transportation patterns (urban)

transportation patterns (urban)
The Chinese urban landscape is characterized by different forms of mobility. Under the socialist regime, Chinese cities were initially designed for pedestrians and bicycles. The urban transportation pattern was undertaken in the context of proximity space where place of residence and employment were integrated. China’s cities’ narrow street system was not built to accommodate modern transportation. Bicycles were the main users of road capacity. The flow of hundreds of thousands of bicycles was the main contributor to urban traffic congestion. China has chosen to reduce the transport demand by a functional integration of urban space. Rapid economic growth led to new forms of spatial organization where the most important phenomena in terms of urban transportation patterns are expansion in road capacity and motorization.
The introduction of market-based reforms led to the planning, development and expansion of a new urban road system. A new pattern of road network is emerging from the foundation of the old dense street layout. Chinese cities are expanding their transportation network and modernizing portions of the system by building new facilities and widening street segments. China’s urban transportation infrastructure comprises networks of ring roads, radial routes and high-performance expressways superimposed over the pattern of intricate narrow street system. The emerging road network changes the land use pattern of Chinese cities through the multiplication of specialized urban districts and the expansion of economic space towards peripheral areas.
Various aspects of urban life are undertaken outside the spatial and organizational limits of the work unit. Traffic generation and attraction are gradually separated to induce increase in trip length. The urban road hierarchy defines the traffic function of each street and segregates motorized and non-motorized transport. Movements by bicycle and collective public transport remain the most important in terms of passengers carried. But the increasing income of urban residents is stimulating the demand for mobility.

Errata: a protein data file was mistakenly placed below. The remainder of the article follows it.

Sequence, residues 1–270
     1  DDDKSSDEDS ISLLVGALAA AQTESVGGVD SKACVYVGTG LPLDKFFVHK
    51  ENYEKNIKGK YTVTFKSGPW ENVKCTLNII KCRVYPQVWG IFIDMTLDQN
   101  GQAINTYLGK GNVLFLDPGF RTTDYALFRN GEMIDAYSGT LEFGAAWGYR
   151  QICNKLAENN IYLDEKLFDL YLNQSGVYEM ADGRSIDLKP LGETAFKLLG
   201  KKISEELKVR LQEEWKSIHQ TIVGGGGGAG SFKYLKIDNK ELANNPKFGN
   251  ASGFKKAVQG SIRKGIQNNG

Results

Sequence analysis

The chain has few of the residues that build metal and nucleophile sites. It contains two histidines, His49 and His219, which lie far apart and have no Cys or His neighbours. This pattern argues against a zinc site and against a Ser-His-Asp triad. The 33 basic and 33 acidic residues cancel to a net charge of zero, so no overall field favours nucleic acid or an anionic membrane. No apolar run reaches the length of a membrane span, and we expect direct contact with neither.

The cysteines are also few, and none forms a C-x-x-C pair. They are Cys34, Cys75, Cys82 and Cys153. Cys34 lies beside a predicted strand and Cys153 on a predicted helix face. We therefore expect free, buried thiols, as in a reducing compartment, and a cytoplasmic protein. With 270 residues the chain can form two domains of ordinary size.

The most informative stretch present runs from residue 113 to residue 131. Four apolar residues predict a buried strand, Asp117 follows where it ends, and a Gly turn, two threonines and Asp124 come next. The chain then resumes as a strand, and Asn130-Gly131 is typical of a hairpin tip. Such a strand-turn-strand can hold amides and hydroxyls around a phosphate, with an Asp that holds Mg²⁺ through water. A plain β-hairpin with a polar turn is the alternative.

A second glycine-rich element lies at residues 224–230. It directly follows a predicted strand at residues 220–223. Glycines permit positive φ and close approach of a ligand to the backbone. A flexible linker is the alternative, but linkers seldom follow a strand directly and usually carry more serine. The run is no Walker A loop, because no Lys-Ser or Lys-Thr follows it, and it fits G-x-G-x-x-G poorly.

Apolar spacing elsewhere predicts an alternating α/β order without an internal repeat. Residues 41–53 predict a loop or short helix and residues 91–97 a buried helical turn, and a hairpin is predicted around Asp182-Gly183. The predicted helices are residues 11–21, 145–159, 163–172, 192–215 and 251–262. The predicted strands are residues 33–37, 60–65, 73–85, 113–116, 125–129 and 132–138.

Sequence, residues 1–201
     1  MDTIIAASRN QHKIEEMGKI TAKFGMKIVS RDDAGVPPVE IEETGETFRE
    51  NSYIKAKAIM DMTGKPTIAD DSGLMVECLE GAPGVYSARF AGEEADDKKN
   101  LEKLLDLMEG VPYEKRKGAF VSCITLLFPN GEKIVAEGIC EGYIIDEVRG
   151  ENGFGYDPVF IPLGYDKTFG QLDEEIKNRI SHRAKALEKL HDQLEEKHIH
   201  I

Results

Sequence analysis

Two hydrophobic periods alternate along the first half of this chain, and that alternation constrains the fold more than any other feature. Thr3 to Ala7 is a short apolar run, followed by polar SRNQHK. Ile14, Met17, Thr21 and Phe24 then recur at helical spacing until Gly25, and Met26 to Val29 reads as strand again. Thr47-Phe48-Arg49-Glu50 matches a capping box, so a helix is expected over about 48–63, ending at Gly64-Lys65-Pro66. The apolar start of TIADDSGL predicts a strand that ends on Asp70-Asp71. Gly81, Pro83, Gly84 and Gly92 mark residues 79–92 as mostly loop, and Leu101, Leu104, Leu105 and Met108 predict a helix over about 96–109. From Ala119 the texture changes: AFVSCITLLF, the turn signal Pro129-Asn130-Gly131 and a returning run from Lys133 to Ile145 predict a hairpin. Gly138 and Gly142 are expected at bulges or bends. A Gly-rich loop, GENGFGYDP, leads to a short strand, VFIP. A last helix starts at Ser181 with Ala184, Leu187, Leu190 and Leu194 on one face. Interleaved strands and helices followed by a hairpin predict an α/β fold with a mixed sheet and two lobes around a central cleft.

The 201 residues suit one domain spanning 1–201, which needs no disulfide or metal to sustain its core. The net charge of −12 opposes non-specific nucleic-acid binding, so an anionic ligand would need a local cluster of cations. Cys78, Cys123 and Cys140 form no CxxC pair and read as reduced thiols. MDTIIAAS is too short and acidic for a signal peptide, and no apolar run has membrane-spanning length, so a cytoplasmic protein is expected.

A growing proportion of trips rely on minibuses, taxis, motorcycles and personal vehicles. The motorization of individual trips is stimulated by the Chinese government policy for the development of an automobile industry. Much of the new urban transport infrastructures are inscribed within the framework of increasing the flow of motorized vehicles. China already recognizes that the passage towards motorized mobility is creating negative environmental impacts. Several models of urban transport pattern are being planned to manage the soaring demand for the use of road space. The management of the massive flow of vehicles is stimulating the quest for high technology, such as intelligent transport systems, as a solution to urban transport problems. Some Chinese cities are already seeking the development of a comprehensive public transport system as an alternative to cars and motorcycles. Improvements in urban transportation demand is also offered by underground metro lines and powerful urban rail transit schemes being planned or under construction. Adapting the different mobility behaviour of Chinese urban citizens to the transformation of the urban landscape is becoming the key challenge for China’s urban policy-makers.
See also: cars and taxis

Encyclopedia of contemporary Chinese culture. . 2011.

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